TALLAHASSEE, Fla. (AP) _ Inmates in Florida must serve at least 85 percent of their sentences under legislation that became law Wednesday without Gov. Lawton Chiles' signature.

``It means we're going to have a lot fewer victims of crime. We're actually going to be punishing the guilty again,'' said Kathleen Finnegan, a former prosecutor and executive director of the group Stop Turning Out Prisoners.

The law, originally proposed as an amendment to the state constitution, failed to make the ballot last year but gained the support of many lawmakers. Chiles opposed it, saying he was in favor of an 85 percent law for violent and repeat offenders but not everyone.

Supporters expressed gratitude that he didn't veto the measure, which will apply to all offenses committed on or after Oct. 1.

Other crime-fighting measures signed by the governor strengthen the state's sentencing guidelines, expand its prison system's legal capacity and impose mandatory terms for repeat offenders convicted of a fourth violent crime.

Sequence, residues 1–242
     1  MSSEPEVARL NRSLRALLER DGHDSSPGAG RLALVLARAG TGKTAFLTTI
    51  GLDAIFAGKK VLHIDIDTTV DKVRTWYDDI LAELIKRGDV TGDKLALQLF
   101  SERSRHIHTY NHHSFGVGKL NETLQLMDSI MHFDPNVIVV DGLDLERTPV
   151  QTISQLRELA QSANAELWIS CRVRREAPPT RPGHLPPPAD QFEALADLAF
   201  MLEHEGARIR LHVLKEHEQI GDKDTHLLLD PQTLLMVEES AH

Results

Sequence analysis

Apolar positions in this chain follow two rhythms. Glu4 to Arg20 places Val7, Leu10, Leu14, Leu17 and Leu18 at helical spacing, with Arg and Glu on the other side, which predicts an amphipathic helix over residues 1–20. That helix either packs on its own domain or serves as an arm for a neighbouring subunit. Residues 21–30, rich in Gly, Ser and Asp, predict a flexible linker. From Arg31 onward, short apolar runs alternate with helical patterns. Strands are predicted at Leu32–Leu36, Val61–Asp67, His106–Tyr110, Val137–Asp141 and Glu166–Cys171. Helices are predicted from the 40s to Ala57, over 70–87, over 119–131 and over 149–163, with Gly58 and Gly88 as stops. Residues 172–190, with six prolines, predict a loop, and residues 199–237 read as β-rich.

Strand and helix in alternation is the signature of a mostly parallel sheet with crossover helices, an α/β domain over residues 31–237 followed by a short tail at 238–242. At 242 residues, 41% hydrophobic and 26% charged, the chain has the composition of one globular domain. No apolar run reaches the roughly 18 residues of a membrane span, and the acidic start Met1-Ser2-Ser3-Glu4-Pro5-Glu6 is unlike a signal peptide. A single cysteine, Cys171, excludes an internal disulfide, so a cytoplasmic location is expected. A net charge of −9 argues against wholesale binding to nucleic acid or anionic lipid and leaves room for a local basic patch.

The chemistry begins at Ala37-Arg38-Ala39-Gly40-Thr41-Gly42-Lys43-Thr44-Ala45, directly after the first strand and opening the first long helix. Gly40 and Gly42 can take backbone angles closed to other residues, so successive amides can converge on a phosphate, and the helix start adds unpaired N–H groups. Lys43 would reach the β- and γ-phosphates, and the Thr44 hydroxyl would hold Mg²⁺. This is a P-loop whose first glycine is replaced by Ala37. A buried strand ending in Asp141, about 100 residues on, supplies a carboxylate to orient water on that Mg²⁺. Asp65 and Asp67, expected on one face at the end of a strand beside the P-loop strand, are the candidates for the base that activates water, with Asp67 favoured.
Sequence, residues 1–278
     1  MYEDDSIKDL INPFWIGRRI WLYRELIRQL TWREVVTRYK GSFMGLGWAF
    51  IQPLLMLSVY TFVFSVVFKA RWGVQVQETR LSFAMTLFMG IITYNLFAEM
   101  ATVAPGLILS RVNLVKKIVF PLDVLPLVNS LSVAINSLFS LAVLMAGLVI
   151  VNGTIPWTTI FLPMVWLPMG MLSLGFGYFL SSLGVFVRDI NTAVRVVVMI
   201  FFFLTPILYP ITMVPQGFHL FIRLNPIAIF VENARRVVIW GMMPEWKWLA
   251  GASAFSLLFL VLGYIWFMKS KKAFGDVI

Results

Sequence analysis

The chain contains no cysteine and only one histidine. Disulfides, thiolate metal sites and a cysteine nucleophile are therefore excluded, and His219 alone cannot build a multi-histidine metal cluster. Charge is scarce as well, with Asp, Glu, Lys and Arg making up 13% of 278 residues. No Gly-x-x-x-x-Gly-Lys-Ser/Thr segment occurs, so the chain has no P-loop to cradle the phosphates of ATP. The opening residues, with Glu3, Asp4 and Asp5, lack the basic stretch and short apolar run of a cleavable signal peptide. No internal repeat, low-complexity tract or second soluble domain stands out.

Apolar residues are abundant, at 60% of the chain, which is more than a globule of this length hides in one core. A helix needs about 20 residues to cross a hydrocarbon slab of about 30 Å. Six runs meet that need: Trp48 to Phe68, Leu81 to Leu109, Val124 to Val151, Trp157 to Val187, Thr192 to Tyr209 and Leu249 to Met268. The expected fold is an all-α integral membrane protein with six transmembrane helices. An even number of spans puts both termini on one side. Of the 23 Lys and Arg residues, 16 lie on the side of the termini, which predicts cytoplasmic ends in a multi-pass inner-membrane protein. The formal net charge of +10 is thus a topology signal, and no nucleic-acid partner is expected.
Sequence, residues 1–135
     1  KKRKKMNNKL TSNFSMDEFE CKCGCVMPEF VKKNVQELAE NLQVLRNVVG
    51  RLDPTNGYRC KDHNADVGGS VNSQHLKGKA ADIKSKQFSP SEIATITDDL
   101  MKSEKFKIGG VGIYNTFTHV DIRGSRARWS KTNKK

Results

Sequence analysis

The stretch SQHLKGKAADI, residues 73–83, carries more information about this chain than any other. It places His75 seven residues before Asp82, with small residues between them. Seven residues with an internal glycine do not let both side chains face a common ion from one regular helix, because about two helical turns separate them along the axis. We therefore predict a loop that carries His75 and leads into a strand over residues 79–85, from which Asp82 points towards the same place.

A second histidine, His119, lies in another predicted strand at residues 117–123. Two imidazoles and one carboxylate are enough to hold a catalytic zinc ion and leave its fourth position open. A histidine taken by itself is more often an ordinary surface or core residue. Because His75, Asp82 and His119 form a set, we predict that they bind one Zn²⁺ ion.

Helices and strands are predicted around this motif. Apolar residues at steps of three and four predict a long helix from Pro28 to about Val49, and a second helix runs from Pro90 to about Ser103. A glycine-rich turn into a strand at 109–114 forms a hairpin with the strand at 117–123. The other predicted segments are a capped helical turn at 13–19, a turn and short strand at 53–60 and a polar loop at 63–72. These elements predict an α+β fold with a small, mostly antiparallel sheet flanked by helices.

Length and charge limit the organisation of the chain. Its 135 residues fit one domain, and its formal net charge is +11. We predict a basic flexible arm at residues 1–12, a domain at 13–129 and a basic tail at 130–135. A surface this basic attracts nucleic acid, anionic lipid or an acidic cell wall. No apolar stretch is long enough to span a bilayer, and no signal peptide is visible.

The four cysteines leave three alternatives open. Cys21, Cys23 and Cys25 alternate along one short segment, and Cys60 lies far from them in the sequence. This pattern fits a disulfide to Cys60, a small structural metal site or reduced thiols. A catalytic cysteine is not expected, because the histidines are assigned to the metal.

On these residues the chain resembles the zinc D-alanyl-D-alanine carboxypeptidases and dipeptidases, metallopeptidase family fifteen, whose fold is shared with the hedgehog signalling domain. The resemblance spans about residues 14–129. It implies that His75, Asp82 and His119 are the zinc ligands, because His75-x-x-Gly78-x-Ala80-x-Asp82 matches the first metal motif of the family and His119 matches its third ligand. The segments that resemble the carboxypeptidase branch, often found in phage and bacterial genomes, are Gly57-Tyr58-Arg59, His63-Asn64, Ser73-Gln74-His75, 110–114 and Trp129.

The measures are expected to cost more than $2 billion over the next five years and double the 60,000-inmate population.

STOP had collected 300,000 of the 430,000 signatures needed to get the measure on the ballot last year when the state Supreme Court threw it out as misleading.

Supporters have collected another 100,000 signatures for next year's election, and Finnegan said the drive to put the measure in the state constitution will continue.

The 35-year-old former prosecutor and a friend were abducted and robbed by a career criminal on early release in 1988. Her friend was killed and Finnegan was wounded.